Nikon D300S Battery Life

First published on: Monday, 28 February 2011

The following Nikon D300S battery life numbers (how many photos can be taken before power from the Nikon EN-EL3e 7.4V, 1500mAh Lithium Ion battery pack or Nikon EN-EL4a 11.1V, 2500mAh Lithium Ion battery pack runs out) is extracted from the Nikon D300S Manual and the Nikon D300S Specifications page.

Nikon provides two sets of battery life figures, one based on the CIPA standard, and the other on their in-house, Nikon standard.

Five different power supply conditions are tested:


  1. One fully-charged Nikon EN-EL3e, either in-camera or in an attached Multi-Powered Battery Pack Grip MB-D10.

  2. One fully-charged Nikon EN-EL4a battery pack in the MB-D10 battery grip (a BL-3 battery chamber cover for the battery grip is required when you use EN-EL4a batteries).

  3. Two fully-charged Nikon EN-EL3e battery packs, one in the camera, and one in the MB-D10 battery grip.

  4. One fully-charged Nikon EN-EL3e battery pack in the camera, and one fully-charged EN-EL4a battery pack in the MB-D10 battery grip.

  5. Eight AA-sized batteries in the MB-D10 battery grip.

CIPA standard
Figures calculated based on CIPA (Camera & Imaging Products Association) testing standards (see the section titled “Standard Procedure for Measuring Digital Still Camera Battery Consumption” for more information) are obtained in the following manner (quoted from the Nikon D300S Manual):

Measured at 23°C / 73.4°F (±2°C/3.6°F) with an AF-S VR 24–120mm f/3.5–5.6G ED lens under the following test conditions: lens cycled from infinity to minimum range and one photograph taken at default settings once every 30 s; flash fired once every other shot. Live view not used.

Nikon D300S battery life, CIPA standard:


  1. One EN-EL3e battery (in the camera or in the MB-D10): Approximately 950 shots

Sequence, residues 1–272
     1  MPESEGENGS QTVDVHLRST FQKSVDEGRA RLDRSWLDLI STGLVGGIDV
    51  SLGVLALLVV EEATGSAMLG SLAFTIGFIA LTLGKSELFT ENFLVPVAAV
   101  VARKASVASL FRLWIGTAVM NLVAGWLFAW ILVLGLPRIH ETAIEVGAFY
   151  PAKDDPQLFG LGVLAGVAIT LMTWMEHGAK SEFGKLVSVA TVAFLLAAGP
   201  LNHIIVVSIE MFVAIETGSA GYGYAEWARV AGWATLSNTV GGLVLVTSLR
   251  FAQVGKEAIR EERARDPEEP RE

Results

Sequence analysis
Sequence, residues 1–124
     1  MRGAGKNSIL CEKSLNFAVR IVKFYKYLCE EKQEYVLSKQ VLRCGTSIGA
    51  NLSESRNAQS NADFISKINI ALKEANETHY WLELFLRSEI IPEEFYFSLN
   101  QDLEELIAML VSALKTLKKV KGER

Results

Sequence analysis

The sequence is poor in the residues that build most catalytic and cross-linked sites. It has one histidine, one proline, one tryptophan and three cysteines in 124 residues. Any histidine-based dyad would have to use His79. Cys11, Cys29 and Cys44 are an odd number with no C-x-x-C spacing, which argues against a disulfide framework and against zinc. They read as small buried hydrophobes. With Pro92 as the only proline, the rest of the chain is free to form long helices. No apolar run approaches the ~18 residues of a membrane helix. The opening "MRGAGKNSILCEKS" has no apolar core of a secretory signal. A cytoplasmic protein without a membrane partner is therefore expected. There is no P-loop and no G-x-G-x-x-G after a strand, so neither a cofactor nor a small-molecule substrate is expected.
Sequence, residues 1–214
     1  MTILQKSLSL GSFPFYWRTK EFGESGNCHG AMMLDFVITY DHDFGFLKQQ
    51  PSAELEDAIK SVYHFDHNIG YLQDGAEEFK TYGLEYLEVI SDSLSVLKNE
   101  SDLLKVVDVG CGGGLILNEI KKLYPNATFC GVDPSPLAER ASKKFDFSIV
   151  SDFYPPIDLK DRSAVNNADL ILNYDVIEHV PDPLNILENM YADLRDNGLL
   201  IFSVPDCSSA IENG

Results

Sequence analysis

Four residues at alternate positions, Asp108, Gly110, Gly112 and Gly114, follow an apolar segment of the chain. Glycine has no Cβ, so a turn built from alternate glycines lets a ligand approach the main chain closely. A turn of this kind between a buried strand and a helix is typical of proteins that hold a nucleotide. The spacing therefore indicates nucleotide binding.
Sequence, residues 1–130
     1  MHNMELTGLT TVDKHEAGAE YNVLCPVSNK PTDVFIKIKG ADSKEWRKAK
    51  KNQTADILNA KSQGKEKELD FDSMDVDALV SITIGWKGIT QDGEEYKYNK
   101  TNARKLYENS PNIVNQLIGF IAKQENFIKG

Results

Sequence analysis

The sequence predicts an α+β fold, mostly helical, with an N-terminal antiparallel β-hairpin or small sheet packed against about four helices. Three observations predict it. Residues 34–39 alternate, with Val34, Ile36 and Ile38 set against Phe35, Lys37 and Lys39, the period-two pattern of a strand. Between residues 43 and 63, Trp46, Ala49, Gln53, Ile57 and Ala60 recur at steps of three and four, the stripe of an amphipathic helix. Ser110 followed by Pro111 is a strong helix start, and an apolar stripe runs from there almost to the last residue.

2. One EN-EL4a batteries (in the MB-D10): Approximately 2000 shots

  3. Two EN-EL3e batteries (one in the camera and one in MB-D10): Approximately 1900 shots

  4. One EN-EL3e battery in the camera, and one EN-EL4a battery in MB-D10: Approximately 2950 shots

  5. Eight AA batteries (in the MB-D10): Approximately 1200 shots

Nikon standard
Figures calculated based on the Nikon standard are obtained in the following manner (quoted from the Nikon D300S Manual):

Measured at 20°C / 68°F with an AF-S VR 70–200mm f/2.8G ED lens under the following test conditions: image quality set to JPEG basic, image size set to M (medium), shutter speed 1/250 s, shutter-release button pressed halfway for three seconds and focus cycled from infinity to minimum range three times; six shots are then taken in succession and monitor turned on for five seconds and then turned off; cycle repeated once exposure meters have turned off.

Nikon D300S battery life, Nikon standard:


  1. One EN-EL3e battery (in the camera or in the MB-D10): Approximately 3000 shots

  2. One EN-EL4a batteries (in the MB-D10): Approximately 5900 shots

  3. Two EN-EL3e batteries (one in the camera and one in MB-D10): Approximately 6000 shots

  4. One EN-EL3e battery in the camera, and one EN-EL4a battery in MB-D10: Approximately 8900 shots

  5. Eight AA batteries (in the MB-D10): Approximately 3400 shots

Unlike Canon, unfortunately, Nikon does not provide separate battery life figures for movie and Live View shooting, and photography at 0°C / 32°F / freezing temperature.

Other Battery Life Factors
In the D300S Manual, Nikon advised that the following will lead to a reduction in battery life and number of shots:


  1. Using the LCD monitor.

  2. The shutter-release button is kept pressed halfway.

  3. Autofocus operation is repeatedly performed.

  4. Shooting NEF (RAW) or TIFF (RGB) instead of JPEG images.

  5. Slow shutter speeds.

  6. Using the WT-4 wireless transmitter (applies to WT-4A / B / C / D / E — designation depends on country / region).

  7. Using the GP-1 GPS unit.

  8. VR (vibration reduction) mode on VR lenses is activated.

Some lenses draw more power from the camera’s battery during operation due to their physical (heavy lens elements that need more power to move) and electronic (type and technology of the VR employed) properties.

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